, October 21, 2009 (ENS) - A draft agreement on providing Iran with fuel for a civilian nuclear research facility that could defuse tension over Iran's nuclear program has emerged from nearly three days of talks supported by the United Nations International Atomic Energy Agency, IAEA.
The nuclear fuel is for use at a reactor in Iran's capital, Tehran, which produces medical radioisotopes for therapeutic and diagnostic procedures.
Those taking part in the discussions at the IAEA's Vienna headquarters - Iran, France, Russia and the United States - have until Friday to approve of the draft text, which is a "balanced approach on how to move forward," the agency's Director General, Mohamed ElBaradei, told reporters.
Dr. Mohamed ElBaradei briefs the media on draft agreement for Tehran research reactor. (Photo courtesy IAEA)
ElBaradei said that the nuclear supply is needed to ensure the Tehran Research Reactor's continued operation, which serves "purely humanitarian objectives."
He expressed optimism that the four nations would endorse the draft agreement, which would be a "very important confidence-building measure that can defuse the crisis that has been going on for a number of years and open space for negotiations."
If the four countries taking part in the talks endorse the draft agreement, it would then be forwarded to the IAEA Board of Governors for formal ratification.
"I must say that everybody who participated at the meeting was trying to help, trying to look to the future and not to the past, trying to heal the wounds that existed for many, many years," ElBaradei said.
He voiced hope that if approved, the agreement will "open the way for a complete normalization of relations between Iran and the international community."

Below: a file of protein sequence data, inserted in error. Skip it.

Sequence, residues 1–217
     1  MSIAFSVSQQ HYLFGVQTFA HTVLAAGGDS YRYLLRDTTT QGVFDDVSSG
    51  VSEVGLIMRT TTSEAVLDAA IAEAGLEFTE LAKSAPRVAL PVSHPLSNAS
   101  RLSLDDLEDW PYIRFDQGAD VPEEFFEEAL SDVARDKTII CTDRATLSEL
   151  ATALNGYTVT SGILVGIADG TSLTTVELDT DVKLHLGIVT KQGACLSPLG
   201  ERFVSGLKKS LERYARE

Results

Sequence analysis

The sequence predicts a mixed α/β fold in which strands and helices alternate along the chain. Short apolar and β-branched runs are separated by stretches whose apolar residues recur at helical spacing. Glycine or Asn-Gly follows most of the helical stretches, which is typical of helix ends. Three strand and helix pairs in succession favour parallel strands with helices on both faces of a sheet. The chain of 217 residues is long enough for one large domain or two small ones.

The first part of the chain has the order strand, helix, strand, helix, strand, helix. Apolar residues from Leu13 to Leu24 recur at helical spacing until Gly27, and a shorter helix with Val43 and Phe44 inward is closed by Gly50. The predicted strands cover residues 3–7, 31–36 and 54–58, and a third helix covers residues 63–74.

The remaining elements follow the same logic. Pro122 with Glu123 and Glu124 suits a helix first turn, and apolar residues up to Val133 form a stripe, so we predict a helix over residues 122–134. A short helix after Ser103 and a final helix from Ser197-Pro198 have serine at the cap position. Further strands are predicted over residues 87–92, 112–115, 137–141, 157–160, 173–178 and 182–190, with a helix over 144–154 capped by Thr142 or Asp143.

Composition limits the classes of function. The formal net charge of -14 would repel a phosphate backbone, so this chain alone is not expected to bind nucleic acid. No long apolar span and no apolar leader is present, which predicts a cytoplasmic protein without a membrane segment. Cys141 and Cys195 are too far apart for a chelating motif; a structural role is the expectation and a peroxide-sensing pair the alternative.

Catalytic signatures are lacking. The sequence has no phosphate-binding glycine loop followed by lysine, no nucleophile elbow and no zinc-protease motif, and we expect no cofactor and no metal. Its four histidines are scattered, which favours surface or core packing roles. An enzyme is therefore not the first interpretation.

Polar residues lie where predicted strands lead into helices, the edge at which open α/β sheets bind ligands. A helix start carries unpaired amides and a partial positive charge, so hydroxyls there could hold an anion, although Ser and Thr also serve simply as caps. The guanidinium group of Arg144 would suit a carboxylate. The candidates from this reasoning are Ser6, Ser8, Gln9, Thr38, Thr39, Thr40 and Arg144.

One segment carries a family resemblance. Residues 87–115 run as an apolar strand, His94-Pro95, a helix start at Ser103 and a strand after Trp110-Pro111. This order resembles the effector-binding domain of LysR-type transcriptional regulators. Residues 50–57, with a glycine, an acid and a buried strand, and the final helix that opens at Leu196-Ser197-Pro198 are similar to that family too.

ElBaradei did not reveal any details covered by the draft document, but sources close to the talks said it demands that Iran send most of its low-enriched uranium for further processing in another country.
He did not name the country, but in Geneva October 1, high-level officials of the governments of China, France, Germany, Iran, Russia, the United Kingdom and the United States proposed that Iran ship its low-enriched uranium to Russia and subsequently to France before the end of the year.
Iran has resisted the proposal that France would be involved, but ElBaradei said the draft agreement reached today does include France, which reprocesses civilian nuclear fuel at the COGEMA La Hague site. Reprocessing also takes place at the Mayak Chemical Combine in Russia.
Tehran Research Reactor (Photo courtesy Carnegie Endowment for International Peace)
IAEA ambassador Ali Asghar Soltanieh, told Agence France Presse today, "France had announced their readiness. But of course, as you've noticed, the Russians have been responsible for the whole contract."
The IAEA was selected as the venue for the discussions because Iran has requested the UN's watchdog body to facilitate talks with potential nuclear fuel suppliers.